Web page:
The Burma Teak
In the past, Myanmar was famous for the best quality teak wood in the world. It was very popular among the wealthy and aristocratic Westerners, especially the British. Westerners honoured our teak wood by calling it the Burma Teak or the Golden Teak. They valued that wood so much that they would not hesitate to boast to the visitors, a piece of Burma Teak furniture among their prized possessions. Even labels that read “Burma Teak” are fixed on walls or floorings in some of their homes.
We used to be the largest producer of the best quality teak wood and other fine quality timbers in the world since the days of our Kings. Teak had played an important role in our history. It even provided the British with an excuse to annex our country. Under the British rule, the Burma Teak became more glorified. It was in high demand in most foreign countries. While their demands were being met, the teak forests were never in danger of depletion due to systematic conservations.
Those situations continued to exist well after we gained Independence, thanks to the proper conservations carried out by our forest department with the cooperations of other departments to prevent illegal loggings. However, lately, the glorious days of the famous Burma Teak had waned. According to a very distressful news, few months ago, our country was being listed in the third position behind the Amazons and Indonesia as the most forest-depleted region.
That was really regretful indeed. Nearly four decades ago I had an opportunity to witness, with my own eyes, the extent of our teak forests stretching for miles and miles on both sides of the Ayeyarwady River in her upper reaches. The distant mountains were densely covered with forests as we sailed up to Bhamo from Mandalay. As it was in the month of July, during the flowering season of the teak, almost the entire forest canopy was swathed in buff colour—the distinct colour of the teak flowers. Those awesome and breathtaking sights are still etched in my memory and thus the bad news struck me with regret.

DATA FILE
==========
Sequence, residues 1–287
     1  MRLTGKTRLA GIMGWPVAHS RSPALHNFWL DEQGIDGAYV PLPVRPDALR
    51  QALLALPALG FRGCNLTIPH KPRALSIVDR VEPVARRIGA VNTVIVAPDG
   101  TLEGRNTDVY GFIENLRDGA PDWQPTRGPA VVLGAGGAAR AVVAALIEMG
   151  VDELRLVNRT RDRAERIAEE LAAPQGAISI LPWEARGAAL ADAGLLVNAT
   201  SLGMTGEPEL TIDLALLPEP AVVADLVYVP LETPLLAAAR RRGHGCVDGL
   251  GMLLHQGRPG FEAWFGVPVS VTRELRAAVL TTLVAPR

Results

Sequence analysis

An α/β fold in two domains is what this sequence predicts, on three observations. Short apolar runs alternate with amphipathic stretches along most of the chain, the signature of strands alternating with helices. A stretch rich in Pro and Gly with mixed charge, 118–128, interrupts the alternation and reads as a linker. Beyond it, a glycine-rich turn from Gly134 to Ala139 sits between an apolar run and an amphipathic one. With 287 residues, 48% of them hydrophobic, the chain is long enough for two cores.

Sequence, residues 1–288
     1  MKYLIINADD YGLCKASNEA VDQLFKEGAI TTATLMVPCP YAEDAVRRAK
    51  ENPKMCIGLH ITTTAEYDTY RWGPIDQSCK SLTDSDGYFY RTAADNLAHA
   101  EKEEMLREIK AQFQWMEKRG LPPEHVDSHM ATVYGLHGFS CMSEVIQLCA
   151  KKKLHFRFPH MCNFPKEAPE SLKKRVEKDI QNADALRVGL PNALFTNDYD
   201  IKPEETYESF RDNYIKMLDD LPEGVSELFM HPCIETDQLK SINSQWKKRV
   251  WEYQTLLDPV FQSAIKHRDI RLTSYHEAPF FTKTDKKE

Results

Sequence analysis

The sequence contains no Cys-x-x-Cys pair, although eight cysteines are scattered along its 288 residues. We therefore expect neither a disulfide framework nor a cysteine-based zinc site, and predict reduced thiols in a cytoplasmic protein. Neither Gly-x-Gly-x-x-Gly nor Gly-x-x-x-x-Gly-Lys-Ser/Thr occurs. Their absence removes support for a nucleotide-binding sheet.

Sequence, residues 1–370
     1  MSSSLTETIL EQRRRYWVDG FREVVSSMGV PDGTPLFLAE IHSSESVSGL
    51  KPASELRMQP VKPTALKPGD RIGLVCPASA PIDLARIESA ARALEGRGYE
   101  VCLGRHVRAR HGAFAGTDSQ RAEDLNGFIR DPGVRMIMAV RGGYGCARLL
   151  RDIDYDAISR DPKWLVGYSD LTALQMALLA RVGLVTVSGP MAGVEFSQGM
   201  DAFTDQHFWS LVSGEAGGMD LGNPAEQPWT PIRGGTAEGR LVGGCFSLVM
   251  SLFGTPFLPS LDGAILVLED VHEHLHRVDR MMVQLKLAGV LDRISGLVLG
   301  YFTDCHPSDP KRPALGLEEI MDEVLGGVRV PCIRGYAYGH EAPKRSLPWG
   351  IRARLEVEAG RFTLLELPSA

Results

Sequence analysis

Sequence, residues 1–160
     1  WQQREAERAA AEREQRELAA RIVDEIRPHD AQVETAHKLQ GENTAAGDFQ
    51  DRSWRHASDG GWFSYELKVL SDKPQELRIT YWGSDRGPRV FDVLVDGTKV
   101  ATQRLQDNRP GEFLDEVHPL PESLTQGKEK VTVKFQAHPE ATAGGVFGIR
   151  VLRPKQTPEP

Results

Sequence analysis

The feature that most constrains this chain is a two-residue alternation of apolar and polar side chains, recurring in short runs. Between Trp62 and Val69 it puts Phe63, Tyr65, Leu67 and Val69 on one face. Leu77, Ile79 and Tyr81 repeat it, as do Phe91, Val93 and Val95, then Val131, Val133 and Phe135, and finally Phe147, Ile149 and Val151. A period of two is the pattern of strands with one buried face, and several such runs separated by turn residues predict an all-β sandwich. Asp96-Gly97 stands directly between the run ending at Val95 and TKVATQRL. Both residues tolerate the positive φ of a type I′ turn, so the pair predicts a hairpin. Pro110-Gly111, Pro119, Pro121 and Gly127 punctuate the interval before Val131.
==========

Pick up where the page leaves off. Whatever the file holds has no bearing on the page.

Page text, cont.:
However, I found some solace recently, in the news of the official banning of logging in the Bago region. I had been ardently advocating for the banning of logging and to curb illegal extractions in many of my articles. Also as the reforestations are being undertaken since many years ago, the future of our forests are a bit brighter. Although it may take a long time to be back to the previous conditions, those moves are laudable. With the participations of the authorities concerned and the public at large, we would definitely be able to restore the old glory of our Burma Teak. I hope the logging bans would be extended to other areas too.
The Kyauktwin Thuye
Here, I would like to narrate a very interesting story of the legendary Kyauktwin Thuye, who had played an important role in promoting the popularity of our world-famous Burma Teak. His name was U Pyar Gyi. As a teenager he left home in search of work and ended up becoming a rafts-man on the Ayeyarwady River. He was very skilled in handling timber rafts through the treacherous waters of the First Defile, north of Bhamo, locally known as the Kyauktwin. The defile being a very narrow gorge that cuts through a mountain range, it resembles a hole in the rock. His dearh-defying feat inside the First Defile earned him the nick name, “The Kyauktwin Thuye”.
It was sometime around 1955, at a place called Sinbo, on the right bank of the Ayeyarwady, only a few miles upriver from the upper entrance to the First Defile. (The directions are customarily reckoned on a river by facing downstream and the right hand side is the right bank, while the opposite is the left bank.) U Pyar Gyi, the Phaung thu gyi, in-charge of the timber raft, and his crews were putting the finishing touches to the teak raft they were assembling, to be ready to float down to Rangoon at the end of the monsoons, from where the timber logs will be exported.
One day in July that year, U Pyar Gyi was unexpectedly summoned to report to the Commissioner of the Forest Department, who was in Myitkyina at that time. As soon as he arrived at the Myitkyina District Forest Department, he was ushered into the presence of the Commissioner. The latter asked whether he could float a timber raft through the First Defile.